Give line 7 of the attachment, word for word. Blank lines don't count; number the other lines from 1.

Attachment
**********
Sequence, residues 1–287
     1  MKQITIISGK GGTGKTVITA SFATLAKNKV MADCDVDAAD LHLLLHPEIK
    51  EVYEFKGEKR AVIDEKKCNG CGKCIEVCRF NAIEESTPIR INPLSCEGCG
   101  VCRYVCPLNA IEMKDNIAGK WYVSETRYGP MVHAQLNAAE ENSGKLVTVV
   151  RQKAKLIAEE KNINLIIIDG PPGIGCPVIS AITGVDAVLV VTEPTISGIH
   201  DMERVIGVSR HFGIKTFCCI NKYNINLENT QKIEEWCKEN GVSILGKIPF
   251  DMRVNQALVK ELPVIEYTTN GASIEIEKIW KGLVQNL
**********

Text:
   251  DMRVNQALVK ELPVIEYTTN GASIEIEKIW KGLVQNL